Peter and his team found that they could induce inevitable cell death in cancer cells with siRNAs containing certain sequences. They called this system DISE: death induced by survival cell elimination.
“When we induce this particular form of cell death with siRNAs, we noticed that multiple, I mean many, cell death pathways are activated in parallel, and the fascinating part was that the cells could not become resistant to this,” says Peter.
Cancer cells are masters of resistance. Over time, most treatment therapies fail because cancer cells adapt and mutate components of the pathway so it can no longer accept or deliver signals. But by attacking an entire network of survival genes, the cell simply becomes overloaded. Better yet, the sensitivity to this treatment does not change with repeated exposure.
The Next Logical Step
Andrea Murmann, a research assistant professor at Northwestern and first author on the study, discovered the next steps to take with this powerful tool.
Murmann proposed that if this kill-switch was a fundamental biological mechanism, then there must be people with an overactive system which would result in the loss of certain tissues. In turn, these people would also have a lower prevalence of cancer. Her search narrowed to trinucleotide repeat diseases, of which Huntington’s is one of many.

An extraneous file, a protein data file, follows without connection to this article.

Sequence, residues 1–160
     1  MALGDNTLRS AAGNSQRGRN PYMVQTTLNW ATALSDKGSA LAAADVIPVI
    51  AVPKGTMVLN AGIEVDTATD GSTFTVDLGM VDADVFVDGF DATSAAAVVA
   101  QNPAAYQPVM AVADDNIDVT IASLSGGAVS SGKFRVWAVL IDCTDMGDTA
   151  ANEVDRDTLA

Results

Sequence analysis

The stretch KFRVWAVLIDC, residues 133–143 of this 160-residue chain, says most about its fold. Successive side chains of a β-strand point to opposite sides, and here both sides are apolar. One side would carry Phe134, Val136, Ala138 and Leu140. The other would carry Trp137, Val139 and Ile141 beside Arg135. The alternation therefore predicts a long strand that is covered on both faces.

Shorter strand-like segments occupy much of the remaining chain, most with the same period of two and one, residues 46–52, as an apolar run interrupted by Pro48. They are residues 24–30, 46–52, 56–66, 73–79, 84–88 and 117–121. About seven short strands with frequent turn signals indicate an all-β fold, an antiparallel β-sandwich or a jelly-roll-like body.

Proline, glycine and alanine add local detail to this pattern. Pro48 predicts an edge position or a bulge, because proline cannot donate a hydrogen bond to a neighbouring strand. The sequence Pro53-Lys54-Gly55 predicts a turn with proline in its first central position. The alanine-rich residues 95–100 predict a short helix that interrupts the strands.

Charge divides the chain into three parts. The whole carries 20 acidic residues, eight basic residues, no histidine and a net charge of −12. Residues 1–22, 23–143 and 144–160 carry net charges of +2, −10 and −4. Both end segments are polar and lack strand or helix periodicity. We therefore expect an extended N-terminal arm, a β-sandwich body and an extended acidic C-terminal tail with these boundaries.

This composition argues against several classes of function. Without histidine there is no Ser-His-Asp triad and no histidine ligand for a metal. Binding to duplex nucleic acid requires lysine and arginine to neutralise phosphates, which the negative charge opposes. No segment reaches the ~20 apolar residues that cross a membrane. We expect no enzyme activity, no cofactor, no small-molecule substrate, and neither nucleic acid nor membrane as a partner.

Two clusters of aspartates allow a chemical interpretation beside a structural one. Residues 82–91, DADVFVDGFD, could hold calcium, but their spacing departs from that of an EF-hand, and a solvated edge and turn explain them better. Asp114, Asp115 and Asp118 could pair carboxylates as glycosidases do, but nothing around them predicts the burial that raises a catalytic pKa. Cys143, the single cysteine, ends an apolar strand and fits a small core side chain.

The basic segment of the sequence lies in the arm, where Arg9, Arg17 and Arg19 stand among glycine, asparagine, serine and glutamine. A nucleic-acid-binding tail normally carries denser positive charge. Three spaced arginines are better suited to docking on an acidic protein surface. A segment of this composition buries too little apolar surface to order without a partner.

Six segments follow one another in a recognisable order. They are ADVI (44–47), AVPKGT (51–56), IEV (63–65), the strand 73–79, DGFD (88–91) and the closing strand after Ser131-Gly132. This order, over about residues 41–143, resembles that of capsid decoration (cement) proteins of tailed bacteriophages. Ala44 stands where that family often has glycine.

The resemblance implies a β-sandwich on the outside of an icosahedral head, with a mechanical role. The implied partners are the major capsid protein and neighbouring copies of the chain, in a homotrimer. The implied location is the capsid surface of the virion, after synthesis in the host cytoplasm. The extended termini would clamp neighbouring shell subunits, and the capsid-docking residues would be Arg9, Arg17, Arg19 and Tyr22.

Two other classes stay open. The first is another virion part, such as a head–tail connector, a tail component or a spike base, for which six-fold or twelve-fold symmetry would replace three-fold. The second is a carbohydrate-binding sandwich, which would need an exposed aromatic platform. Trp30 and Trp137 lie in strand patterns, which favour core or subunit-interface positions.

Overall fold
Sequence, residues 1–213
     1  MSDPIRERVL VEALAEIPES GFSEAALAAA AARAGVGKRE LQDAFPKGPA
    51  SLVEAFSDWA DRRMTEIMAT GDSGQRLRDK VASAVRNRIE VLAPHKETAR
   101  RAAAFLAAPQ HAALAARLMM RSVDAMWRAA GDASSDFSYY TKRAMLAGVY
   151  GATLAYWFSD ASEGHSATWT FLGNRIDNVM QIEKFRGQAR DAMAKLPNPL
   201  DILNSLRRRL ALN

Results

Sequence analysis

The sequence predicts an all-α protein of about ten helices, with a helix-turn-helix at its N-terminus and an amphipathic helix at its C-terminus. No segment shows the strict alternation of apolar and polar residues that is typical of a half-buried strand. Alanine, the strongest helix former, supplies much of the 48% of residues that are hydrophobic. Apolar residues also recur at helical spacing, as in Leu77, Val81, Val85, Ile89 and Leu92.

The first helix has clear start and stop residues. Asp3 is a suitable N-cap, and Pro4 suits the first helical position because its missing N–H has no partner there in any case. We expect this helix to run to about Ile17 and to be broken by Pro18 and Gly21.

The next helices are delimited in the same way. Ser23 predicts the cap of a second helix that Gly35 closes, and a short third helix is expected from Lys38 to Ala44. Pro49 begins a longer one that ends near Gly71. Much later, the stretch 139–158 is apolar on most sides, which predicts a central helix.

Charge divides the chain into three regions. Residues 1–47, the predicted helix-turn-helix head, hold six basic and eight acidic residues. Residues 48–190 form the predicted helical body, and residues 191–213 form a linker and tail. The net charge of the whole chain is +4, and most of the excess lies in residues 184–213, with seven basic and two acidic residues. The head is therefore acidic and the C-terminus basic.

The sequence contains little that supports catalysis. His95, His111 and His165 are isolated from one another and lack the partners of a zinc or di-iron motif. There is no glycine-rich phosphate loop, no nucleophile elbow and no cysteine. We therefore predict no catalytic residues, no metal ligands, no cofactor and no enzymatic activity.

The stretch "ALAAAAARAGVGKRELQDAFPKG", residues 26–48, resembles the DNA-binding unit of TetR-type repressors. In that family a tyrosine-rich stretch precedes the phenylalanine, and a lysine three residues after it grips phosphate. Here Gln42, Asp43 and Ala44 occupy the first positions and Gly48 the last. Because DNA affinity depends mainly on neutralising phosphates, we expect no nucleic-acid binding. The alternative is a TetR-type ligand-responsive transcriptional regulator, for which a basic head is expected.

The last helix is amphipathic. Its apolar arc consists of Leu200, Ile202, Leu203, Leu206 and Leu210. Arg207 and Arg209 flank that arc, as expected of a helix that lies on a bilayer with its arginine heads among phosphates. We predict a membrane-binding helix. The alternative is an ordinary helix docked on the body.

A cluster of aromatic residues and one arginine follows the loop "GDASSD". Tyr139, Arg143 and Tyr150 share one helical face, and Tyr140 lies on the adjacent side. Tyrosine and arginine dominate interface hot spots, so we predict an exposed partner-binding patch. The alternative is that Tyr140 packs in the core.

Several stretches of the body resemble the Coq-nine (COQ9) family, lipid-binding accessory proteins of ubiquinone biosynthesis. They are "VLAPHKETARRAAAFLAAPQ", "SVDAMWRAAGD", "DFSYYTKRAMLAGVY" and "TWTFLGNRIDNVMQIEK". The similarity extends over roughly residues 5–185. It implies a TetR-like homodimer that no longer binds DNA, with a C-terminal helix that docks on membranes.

Huntington’s disease is caused by over-amplification of nucleotide repeat sequence CAG (cytosine-adenine-guanine) in the the gene huntingtin, causing the pathology. While normally, everyone has around 30 repeats of this sequence, those afflicted by Huntington’s could have hundreds. The overabundance of the sequence, which codes for the protein glutamine down the line, results in a toxic buildup in the cell. The longer the length of the repeat, the earlier the onset of the disease.
These CAG repeats in huntingtin can be folded and processed to form small siRNAs active in RNA interference, and resulting small CAGs (sCAGs) have been shown in the past to kill cells—you might call these assassin molecules.
Peter and colleagues tested the cancer-fighting qualities of CAG-based siRNAs by delivering them—via nanoparticles—into mouse models with preclinical ovarian cancer.
“We developed natural nanoparticles that allow it to couple to siRNAs, and when the nanoparticles encounter a cancer cell, the cancer cells take up the nanoparticle without any further treatments…It just internalizes them, and release the cargo inside the cell,” says Peter. The team published results of their study Monday in the journal EMBO Reports.
In tests, the mice tumors regressed, and were still fully sensitive after treatment. Still, there’s more work to do.
“We just have to find a better way of formulating this for administering to the mice, and hopefully, to the people; but there’s a lot of technological components required to get better reagents to deliver siRNA to cells,” commented Peter. “Of course, all these steps need improvement, from the delivery to the stability, because we’re working on all these various aspects.”